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Thursday, June 22, 2017

Of Language and Accents

People pick up accents from where they live and work. When people accuse you of faking an accent, they probably think that you are doing it on purpose and struggling behind it. But expressions and phrases can make their way into your vocabulary organically. It depends on the amount of interaction with the locals.

We were taught British pronunciation and spellings in school. But now, I need subtitles to understand thick British accents on TV. The nature of language is fluid. What was once yours can become foreign one day. Though Hannah Arendt once said in her famous interview: 'What remains? The language remains.' What happens to those who do not have the opportunity to continue learning their mother tongue? I see a lot of children born in the US conversing exclusively in  American English. Some might feel it is a cultural betrayal.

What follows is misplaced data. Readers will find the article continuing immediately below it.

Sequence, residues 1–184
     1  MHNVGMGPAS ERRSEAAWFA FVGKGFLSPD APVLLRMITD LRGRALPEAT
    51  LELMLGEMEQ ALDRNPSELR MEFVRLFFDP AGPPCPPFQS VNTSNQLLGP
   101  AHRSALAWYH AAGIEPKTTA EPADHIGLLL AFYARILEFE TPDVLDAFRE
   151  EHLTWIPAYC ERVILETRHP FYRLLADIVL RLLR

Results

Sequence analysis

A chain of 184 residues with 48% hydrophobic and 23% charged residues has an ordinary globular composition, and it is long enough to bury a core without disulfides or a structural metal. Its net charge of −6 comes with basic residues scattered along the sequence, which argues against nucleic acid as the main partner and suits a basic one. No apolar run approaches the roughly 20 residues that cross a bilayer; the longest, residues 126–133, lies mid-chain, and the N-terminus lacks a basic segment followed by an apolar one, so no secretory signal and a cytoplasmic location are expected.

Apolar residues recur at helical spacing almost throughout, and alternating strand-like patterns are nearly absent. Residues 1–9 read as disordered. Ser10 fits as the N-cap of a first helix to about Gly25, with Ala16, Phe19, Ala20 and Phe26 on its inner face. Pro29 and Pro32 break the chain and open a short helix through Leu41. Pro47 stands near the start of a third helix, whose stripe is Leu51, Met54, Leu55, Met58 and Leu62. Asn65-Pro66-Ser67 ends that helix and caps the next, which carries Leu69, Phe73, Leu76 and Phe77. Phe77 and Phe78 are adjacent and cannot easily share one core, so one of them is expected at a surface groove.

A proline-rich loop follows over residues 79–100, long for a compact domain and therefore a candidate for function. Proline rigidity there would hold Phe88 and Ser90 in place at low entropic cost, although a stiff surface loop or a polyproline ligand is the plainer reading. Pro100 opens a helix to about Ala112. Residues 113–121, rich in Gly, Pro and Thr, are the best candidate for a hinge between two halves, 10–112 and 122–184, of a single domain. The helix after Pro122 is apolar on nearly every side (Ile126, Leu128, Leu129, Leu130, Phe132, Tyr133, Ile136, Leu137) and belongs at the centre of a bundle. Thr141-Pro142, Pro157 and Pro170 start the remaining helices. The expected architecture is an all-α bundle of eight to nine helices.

But I want to tell them- the kids are growing up in a different environment. Their teachers, friends, family friends speak a common language. If they choose to converse in American English, let them. If some day they feel the need to learn about their roots, they will. Of course, some people make sure the kids are exposed to their mother tongue. Since Hindi, Bengali, or Tamil is not taught in schools here, it means extra coaching. I admire the tenacity. But is it really essential to love your mother tongue first? Learn of course, but love? What if someone can converse better in a different language? I love reading Bengali literature, but that doesn't mean I have to treat the first language I learned in school (English) differently All are mediums to express my thoughts. And no matter how many words I use in what language, I never feel it is complete.

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